The League of Professional Theatre Women will present actress, dancer, choreographer Carmen DeLavallade at its next Oral History interview in the Bruno Walter Auditorium of the New York Public Library for the Performing Arts, 65th Street and Amsterdam Avenue. Admission is free, but seats will be on a first-come-first-seated basis.
DeLavallade will be interviewed by Deborah Jowitt.
Carmen de Lavallade has had an unparalleled career in dance, theater, film and television beginning in her hometown of Los Angeles performing with the Lester Horton Dance Theater. While in Los Angeles, she appeared in four movies, including Carmen Jones (1954) with Dorothy Dandridge and Odds Against Tomorrow (1959) with Harry Belafonte. She appeared as a dancer in the Broadway production of House of Flowers. Her dance career includes having ballets created for her by Lester Horton, Geoffrey Holder, Alvin Ailey, Glen Tetley, John Butler and Agnes de Mille. She has choreographed for many companies and has had an extensive acting career as a member of the Yale Repertory Theatre and the American Repertory Theatre, performing in numerous Off-Broadway productions. She and her husband, Geoffrey Holder, were the subjects of the film Carmen & Geoffrey (2005), which chronicled their sixty year partnership and artistic legacy. Ms. de Lavallade received the Dance Magazine Award in 1964, an honorary doctorate of Fine Arts from the Juilliard School in 2007, the Duke Ellington Fellowship Award, and the Dance USA Award in 2010. Carmen is the recent recipient of the 2016 Obie Award for Lifetime Achievement. In 1999, she was also named by the Dance Heritage Coalition as one of America's 100 Irreplaceable Dance Treasures. Carmen de Lavallade has been an incomparable dance and theater treasure for more than six decades. In her eighties and still performing with a supreme level of grace and elegance, she is an icon in the truest sense of the word - inspiring generations of artists and audiences.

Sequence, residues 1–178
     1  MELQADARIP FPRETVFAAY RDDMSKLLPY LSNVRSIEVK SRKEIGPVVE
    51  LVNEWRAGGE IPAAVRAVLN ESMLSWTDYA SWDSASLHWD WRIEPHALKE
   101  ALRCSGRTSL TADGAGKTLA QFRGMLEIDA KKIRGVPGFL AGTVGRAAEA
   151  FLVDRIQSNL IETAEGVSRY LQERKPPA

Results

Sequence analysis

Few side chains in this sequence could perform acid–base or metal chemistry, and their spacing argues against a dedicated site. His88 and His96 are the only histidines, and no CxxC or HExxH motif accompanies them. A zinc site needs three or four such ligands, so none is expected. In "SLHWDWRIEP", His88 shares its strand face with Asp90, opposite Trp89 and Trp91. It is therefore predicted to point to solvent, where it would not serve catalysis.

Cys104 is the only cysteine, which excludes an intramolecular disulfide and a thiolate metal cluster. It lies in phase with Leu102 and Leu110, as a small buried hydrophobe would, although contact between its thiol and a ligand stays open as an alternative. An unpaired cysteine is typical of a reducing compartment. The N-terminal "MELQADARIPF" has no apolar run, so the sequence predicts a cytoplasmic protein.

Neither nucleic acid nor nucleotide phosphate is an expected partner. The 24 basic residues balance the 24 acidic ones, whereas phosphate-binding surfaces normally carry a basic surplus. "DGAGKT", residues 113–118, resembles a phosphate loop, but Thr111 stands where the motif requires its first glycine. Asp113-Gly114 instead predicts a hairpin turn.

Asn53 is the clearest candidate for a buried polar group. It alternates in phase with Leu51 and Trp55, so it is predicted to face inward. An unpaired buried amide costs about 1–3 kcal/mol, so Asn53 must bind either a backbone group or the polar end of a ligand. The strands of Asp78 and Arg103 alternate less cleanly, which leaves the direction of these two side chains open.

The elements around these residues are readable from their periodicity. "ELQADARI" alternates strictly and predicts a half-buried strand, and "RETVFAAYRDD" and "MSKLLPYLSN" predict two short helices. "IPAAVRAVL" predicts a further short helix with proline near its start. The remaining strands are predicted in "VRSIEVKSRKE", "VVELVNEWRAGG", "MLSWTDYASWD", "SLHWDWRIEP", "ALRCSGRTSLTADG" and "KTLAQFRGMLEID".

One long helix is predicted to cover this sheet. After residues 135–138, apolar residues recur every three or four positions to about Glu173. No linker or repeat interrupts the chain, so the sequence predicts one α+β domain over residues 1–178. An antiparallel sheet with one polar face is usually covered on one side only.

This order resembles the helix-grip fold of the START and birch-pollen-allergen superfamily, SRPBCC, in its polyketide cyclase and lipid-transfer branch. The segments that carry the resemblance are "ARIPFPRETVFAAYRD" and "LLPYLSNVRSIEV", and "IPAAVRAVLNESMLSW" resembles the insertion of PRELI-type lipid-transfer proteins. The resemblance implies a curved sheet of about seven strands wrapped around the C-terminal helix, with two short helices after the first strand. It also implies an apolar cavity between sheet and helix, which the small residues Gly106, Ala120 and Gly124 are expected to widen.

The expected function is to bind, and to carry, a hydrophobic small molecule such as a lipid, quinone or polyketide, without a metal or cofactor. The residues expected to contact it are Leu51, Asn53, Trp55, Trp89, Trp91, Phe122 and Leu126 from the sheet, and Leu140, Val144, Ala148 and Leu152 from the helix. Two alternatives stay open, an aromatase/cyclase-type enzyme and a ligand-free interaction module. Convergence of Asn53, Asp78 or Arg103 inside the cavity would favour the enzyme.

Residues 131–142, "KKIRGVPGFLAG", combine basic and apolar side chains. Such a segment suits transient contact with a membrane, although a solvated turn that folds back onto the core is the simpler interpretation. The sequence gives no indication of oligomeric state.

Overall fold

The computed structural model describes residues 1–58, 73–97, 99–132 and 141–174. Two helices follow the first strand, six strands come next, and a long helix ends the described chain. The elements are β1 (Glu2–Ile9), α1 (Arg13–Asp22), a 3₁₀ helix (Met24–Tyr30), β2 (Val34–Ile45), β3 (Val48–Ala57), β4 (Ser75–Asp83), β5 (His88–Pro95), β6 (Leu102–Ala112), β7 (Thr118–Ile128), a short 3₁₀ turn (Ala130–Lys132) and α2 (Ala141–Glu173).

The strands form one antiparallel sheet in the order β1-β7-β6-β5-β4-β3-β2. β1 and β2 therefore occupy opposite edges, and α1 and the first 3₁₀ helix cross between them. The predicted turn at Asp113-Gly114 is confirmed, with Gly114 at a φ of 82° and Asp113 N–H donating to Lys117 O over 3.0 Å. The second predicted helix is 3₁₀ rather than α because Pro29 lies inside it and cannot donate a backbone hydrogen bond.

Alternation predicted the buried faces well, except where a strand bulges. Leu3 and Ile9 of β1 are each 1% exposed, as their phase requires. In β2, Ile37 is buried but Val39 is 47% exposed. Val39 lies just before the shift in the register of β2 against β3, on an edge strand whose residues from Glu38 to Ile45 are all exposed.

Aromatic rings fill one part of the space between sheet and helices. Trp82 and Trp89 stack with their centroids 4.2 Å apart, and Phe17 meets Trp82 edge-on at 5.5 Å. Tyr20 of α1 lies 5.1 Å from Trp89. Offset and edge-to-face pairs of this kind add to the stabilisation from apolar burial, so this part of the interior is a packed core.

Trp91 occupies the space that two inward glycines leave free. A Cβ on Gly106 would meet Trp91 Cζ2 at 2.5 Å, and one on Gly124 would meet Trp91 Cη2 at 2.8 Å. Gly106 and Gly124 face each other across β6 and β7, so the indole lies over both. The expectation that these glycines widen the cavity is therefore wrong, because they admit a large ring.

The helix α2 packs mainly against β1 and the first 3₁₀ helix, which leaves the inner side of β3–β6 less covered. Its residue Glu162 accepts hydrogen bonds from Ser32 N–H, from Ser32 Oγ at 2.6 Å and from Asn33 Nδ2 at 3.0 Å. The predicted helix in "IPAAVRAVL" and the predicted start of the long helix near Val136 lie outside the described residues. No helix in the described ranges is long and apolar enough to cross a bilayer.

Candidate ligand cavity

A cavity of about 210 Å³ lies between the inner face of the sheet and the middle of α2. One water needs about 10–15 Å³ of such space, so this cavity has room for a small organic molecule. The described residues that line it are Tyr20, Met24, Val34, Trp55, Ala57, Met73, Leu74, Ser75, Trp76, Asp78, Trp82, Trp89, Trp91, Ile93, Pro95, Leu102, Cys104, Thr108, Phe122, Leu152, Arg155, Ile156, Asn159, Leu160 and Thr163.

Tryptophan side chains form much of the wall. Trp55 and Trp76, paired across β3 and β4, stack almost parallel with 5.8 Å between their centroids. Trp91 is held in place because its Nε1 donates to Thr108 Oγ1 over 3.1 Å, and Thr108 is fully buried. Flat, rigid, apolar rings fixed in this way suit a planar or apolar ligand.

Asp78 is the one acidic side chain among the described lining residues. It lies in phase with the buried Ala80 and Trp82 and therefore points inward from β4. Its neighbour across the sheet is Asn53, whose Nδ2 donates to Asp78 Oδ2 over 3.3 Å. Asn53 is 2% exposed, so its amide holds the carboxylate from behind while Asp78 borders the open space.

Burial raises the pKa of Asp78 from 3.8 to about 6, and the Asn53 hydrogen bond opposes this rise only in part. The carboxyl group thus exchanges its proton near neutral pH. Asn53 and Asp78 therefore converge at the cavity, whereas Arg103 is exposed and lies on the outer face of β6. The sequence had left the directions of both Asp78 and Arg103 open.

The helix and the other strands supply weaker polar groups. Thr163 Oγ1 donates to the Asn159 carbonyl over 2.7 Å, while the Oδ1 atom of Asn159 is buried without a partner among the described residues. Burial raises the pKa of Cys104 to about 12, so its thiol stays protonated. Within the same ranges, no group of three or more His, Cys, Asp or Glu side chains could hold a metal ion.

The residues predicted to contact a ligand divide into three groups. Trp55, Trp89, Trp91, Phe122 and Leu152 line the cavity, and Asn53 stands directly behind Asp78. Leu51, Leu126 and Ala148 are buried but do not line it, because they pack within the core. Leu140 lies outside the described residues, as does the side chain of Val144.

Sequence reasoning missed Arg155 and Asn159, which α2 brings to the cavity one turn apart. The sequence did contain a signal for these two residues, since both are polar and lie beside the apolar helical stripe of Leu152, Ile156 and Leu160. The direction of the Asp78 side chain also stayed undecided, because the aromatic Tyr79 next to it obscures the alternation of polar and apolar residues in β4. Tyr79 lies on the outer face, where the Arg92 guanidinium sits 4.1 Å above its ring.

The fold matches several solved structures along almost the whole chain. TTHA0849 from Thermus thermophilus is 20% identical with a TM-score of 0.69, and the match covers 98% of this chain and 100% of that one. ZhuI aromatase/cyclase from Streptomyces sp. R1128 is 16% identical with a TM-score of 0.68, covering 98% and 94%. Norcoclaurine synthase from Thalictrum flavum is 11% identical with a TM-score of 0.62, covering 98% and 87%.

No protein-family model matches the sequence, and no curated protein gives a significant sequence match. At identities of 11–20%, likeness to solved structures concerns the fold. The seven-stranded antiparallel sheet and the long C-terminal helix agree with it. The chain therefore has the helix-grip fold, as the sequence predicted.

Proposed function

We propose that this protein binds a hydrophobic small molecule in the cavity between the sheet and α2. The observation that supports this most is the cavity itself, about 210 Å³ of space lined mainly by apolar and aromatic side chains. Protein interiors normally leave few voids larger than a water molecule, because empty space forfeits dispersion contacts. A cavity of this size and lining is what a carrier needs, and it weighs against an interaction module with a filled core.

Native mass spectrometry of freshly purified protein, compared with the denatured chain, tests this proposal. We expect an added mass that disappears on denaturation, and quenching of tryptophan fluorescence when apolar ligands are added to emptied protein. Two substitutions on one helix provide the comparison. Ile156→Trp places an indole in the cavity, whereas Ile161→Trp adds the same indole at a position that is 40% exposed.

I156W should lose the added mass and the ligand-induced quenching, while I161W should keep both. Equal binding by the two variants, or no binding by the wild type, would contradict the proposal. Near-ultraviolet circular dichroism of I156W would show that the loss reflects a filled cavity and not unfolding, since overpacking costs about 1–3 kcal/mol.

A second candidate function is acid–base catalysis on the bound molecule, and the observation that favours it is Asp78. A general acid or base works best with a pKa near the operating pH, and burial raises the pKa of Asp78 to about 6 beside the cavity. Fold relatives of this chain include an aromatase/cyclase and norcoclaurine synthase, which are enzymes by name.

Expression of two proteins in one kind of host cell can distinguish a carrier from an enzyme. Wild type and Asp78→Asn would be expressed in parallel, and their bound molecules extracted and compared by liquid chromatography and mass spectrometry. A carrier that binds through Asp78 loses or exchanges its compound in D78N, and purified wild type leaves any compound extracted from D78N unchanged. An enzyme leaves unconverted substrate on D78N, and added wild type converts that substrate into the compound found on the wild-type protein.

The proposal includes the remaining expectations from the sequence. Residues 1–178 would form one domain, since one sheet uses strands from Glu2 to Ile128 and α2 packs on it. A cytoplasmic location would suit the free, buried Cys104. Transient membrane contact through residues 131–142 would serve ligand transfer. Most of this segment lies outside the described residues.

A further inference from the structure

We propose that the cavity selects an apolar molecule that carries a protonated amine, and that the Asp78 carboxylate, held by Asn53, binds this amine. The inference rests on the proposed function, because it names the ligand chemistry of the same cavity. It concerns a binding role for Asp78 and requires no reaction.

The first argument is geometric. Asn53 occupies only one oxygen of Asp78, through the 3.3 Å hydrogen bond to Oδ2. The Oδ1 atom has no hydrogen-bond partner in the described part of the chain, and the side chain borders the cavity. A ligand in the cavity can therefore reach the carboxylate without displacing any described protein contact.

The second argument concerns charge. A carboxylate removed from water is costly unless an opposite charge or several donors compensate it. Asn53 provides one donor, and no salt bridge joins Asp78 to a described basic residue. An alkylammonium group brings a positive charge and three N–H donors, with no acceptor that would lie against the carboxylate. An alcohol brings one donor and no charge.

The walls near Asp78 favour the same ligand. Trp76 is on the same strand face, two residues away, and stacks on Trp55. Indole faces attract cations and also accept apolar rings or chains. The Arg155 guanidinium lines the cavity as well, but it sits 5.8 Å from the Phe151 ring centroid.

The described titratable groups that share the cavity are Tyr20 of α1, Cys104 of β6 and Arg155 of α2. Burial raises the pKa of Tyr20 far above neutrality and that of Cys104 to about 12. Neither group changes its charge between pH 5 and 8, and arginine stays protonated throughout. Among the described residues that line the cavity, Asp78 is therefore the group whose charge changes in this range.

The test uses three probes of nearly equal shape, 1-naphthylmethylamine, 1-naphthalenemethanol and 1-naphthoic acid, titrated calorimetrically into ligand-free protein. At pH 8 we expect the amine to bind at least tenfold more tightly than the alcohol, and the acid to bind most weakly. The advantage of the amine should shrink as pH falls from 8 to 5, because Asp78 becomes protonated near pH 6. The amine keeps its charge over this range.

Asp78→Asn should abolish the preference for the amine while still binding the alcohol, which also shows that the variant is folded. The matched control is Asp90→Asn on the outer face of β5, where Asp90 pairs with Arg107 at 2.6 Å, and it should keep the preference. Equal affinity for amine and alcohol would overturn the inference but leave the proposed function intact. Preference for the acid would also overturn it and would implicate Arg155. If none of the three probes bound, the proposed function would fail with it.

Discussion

Deborah Jowitt began to dance professionally in the 1950s and to choreograph in the 1960s. She wrote about dance for The Village Voice from 1967 to 2011 and currently writes for artsjournal.com. She has published two collections, Dance Beat (1977) and The Dance in Mind (1985), as well as Time and the Dancing Image (1988) and Jerome Robbins: His Life, His Theater, His Dance (2004). Her current project is a critical biography of Martha Graham. Her essays have appeared in numerous journals and anthologies, She lectures and conducts workshops worldwide and teaches in the Dance Department of New York University's Tisch School of the Arts.
|About League of Professional Theatre Women|
The League of Professional Theatre Women is a not-for-profit 501(c)(3) organization. It presents numerous events each year as part of its mission to promote visibility and increase opportunities for women in the field. None of its work is possible without generous philanthropic support. The League is celebrating its 31st anniversary and boasts a membership of nearly 500 women representing a diversity of theatre professionals in both the for-profit and not-for-profit sectors. League members are actors, administrators, agents, arrangers, casting directors, choreographers, company managers, composers, critics, designers, directors, dramaturgs, dramatists, educators, general managers, historians, journalists, librettists, lyricists, press agents, playwrights, producers, stage managers, and theatre technicians. To find out more about how you can support its endeavors, please visit the website www.theatrewomen.org and click on the "Support Us" tab.